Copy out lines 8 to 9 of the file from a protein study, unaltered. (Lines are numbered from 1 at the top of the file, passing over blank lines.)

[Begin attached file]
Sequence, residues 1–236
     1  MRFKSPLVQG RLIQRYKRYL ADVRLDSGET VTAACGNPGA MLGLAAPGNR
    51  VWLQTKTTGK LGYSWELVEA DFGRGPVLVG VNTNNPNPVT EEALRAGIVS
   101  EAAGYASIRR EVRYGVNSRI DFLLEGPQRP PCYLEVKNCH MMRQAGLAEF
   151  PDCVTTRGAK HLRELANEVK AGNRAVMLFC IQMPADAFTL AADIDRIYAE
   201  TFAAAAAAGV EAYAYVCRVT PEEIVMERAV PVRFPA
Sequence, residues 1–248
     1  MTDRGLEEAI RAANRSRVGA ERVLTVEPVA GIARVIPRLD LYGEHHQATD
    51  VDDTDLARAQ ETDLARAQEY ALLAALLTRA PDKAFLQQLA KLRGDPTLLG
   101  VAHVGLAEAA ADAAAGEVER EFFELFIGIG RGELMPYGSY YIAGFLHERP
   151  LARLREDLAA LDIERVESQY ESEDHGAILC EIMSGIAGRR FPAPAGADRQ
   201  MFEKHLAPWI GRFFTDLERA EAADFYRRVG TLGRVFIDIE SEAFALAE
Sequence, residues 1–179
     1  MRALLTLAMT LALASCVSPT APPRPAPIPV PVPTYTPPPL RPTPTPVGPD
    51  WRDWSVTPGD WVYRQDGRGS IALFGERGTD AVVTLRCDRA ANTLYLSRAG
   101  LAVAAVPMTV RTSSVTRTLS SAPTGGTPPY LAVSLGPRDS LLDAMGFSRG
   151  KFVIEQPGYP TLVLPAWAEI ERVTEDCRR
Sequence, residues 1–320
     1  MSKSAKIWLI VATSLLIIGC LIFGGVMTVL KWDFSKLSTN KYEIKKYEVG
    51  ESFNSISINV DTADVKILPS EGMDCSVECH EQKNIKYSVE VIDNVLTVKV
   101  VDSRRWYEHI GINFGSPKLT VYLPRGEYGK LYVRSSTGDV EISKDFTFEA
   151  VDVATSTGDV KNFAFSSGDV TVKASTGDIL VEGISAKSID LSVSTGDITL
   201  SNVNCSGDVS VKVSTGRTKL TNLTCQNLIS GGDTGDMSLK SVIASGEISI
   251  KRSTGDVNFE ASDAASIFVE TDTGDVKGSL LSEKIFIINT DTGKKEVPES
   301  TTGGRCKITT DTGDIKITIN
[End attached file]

     1  MTDRGLEEAI RAANRSRVGA ERVLTVEPVA GIARVIPRLD LYGEHHQATD
    51  VDDTDLARAQ ETDLARAQEY ALLAALLTRA PDKAFLQQLA KLRGDPTLLG